So…you’ve decided to test for promotion. Automatically you envision your days in high school trying to learn mind-numbing material that you hoped to never see or ever use. But you want the promotion and you believe that you would do a good job at the next level so you soldier on—probably using the same study methods you used years ago. If they worked back then, perhaps they will work now. If not, you may need to read this short article on how to study for a multiple choice exam. Studying for a multiple choice exam is a skill that you can learn, hone, and perfect, as is taking and passing a multiple choice exam. Before you show up to test day unprepared, read the steps to study for a multiple choice exam below and up your odds of getting the score you want.
Step #1: Start Studying the First Day the Test Date is Posted
That sounds crazy, but it's true. Your exam prep starts on the first day. Do not rely on cramming! Despite the caffeine infused all-nighters, cramming is not a good way to learn test material.
Nothing beats time and repetition when it comes to learning. The best way to learn anything is to read and reread the materials, take careful notes while you read, and learn as you go. Then, when it's a multiple choice test day, you will just be reviewing the information instead of learning it all for the first time.
Step #2: Create a Study Schedule
I get it. You're really busy. That's why it's even more important for you to create a study schedule for days ahead of test time. You can figure out where you have a few extra hours in the coming weeks prior to your test, rather than cramming minutes before. To study for a multiple choice exam, start weeks ahead if possible, studying in small increments until you get to test day.
Step #3: Space it Out
A proven learning technique called “spaced repetition” involves breaking up information into small chunks and reviewing them consistently over a long period of time. So don’t try to memorize everything in one sitting—instead learn a chapter or a few pages every day and review each segment before starting anything new.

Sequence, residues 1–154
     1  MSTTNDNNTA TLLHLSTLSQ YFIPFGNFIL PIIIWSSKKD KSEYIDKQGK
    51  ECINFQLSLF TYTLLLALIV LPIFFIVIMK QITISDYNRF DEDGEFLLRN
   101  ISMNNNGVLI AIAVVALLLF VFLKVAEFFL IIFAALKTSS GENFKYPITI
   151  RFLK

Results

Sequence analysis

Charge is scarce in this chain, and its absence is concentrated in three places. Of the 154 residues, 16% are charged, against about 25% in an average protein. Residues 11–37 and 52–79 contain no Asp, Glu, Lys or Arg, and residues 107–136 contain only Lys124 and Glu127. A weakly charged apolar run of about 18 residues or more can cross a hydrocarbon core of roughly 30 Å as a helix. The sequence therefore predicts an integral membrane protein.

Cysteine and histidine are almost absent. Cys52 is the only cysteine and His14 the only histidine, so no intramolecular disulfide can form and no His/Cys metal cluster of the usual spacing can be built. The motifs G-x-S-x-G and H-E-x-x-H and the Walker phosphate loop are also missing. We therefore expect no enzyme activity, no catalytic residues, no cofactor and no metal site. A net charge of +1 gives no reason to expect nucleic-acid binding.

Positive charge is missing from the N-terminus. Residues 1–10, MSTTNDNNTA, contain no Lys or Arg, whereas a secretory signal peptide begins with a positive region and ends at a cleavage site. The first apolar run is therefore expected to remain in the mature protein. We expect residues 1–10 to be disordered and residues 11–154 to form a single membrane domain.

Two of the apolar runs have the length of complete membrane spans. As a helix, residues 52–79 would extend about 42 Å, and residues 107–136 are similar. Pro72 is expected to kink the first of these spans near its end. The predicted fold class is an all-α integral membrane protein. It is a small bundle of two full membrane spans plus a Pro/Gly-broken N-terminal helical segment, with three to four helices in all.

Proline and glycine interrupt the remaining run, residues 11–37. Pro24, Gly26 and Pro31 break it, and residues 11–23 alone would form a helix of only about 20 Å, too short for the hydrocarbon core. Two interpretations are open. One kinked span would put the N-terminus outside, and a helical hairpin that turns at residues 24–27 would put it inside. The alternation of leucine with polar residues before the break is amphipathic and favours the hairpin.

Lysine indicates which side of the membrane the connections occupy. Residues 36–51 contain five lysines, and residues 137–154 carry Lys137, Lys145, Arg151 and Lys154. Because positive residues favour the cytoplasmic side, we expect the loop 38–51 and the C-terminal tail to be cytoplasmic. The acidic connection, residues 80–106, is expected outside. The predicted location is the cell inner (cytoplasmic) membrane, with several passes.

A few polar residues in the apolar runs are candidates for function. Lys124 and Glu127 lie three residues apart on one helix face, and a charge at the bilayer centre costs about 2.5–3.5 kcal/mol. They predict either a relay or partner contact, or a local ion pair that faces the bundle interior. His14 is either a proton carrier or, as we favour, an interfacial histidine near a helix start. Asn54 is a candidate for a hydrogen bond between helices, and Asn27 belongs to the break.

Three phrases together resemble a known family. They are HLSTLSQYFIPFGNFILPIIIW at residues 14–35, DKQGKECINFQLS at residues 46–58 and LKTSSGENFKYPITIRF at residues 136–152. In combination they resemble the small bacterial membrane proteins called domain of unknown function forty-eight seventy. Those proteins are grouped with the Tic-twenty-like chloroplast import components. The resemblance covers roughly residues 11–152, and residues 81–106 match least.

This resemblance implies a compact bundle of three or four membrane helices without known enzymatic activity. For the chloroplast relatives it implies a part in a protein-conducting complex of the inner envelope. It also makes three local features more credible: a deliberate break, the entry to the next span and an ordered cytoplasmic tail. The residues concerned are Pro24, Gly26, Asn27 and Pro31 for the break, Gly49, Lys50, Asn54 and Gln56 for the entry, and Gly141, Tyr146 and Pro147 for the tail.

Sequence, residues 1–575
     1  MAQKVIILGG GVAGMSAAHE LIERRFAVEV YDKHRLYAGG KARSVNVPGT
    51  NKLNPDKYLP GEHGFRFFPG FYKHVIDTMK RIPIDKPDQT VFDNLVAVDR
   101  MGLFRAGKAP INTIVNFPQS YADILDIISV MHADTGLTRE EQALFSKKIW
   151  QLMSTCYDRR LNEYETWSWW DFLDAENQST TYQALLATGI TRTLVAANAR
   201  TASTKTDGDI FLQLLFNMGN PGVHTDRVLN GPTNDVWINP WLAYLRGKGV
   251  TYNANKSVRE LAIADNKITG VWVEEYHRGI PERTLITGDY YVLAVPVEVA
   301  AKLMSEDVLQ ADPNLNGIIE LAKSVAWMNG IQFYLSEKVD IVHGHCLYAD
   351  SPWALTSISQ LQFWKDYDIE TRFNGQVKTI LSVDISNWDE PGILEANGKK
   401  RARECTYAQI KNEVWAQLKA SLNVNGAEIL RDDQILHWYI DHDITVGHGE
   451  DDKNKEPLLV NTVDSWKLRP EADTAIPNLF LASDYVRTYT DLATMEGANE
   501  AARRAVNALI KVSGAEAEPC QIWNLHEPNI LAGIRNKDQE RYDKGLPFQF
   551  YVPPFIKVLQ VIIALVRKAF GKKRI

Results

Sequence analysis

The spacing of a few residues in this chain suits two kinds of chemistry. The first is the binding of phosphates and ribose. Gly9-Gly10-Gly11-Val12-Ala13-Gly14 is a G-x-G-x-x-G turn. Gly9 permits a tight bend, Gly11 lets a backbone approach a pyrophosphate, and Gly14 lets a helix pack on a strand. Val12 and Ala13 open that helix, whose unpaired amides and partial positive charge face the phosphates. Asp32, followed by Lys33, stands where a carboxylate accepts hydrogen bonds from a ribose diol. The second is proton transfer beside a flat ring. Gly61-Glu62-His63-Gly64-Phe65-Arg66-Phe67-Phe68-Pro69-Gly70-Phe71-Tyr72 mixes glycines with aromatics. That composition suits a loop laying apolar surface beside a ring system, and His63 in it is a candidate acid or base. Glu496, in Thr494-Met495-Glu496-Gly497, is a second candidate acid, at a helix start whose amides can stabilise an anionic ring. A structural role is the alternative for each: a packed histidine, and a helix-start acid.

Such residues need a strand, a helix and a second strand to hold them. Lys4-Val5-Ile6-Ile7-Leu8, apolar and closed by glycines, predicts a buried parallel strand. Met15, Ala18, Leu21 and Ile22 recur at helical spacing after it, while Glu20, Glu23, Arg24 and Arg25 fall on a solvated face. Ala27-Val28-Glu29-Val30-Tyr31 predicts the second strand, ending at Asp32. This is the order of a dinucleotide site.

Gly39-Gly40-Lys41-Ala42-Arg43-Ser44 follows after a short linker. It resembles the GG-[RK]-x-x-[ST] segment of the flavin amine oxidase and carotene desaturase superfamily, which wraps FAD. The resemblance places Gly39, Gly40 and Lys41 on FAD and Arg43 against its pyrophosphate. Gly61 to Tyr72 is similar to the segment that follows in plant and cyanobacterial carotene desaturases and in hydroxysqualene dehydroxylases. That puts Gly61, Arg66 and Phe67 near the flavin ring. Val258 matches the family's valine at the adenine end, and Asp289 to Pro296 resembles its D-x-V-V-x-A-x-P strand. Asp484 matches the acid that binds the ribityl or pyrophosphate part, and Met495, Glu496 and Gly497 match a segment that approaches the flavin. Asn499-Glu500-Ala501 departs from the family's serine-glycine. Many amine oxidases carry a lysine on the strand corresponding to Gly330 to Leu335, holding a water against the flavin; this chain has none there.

Step #3: Organize Everything from the Unit or Chapter
You know ahead of time, which sources you will be tested over so, go back through the material. Rewrite your notes or type them up so they're legible. Organize everything so it's ready to be studied.
Step #4: Set a Timer
Do not spend three hours studying for a test in a row. Bad, bad, bad. Your mind will overload, and you'll start daydreaming, doodling, or otherwise disengaging from the material. Instead, set a timer for 45 minutes, study, and take a 5 or 10-minute break when it goes off. Repeat. Set the timer again for 45 minutes, study, and then take a break. Keep following this process, until you're confident in your knowledge.
Step #5: Master The Material
Remember that you're going to have choices on this multiple choice exam (hence, the name), so as long as you can differentiate between the right and "kind of" right answers, you're golden. You don't have to recite any information – just recognize correct info.
Step #7: Get Someone to Quiz You
To test your knowledge, choose a study partner to ask you questions from notes, former quizzes and assignments, offering you a few options for you to choose from if you're stuck. The best type of study partner will also ask you to explain your answer to see if you really know what you're talking about rather than just reciting the content from the exam.
Step #8: Work It Out
Get stronger and brainier at the same time. Research has found just half an hour of aerobic exercise can improve our brain-processing speed and other important cognitive abilities. Jog a few laps around the block and see if you don’t come back with a few more IQ points.
Step #9: Put Yourself to the Test
Quizzing ourselves may be one of the best ways to prepare for the real deal. And don’t worry about breaking a sweat while trying to remember a particular fact. The harder it is to remember a piece of information in practice mode, the more likely we are to remember it in the future.
Step #10: Get Some Sleep
When there’s a textbook full of facts to memorize, it can be tempting to stay up all night committing them to memory (or trying to). But all-nighters rarely lead to an automatic 100—in fact, they’ve been linked to impaired cognitive performance and greater sensitivity to stress. In the days leading up to a big exam, aim to get those seven to nine hours a night so sleep deprivation doesn’t undo all the hard work you’ve put in.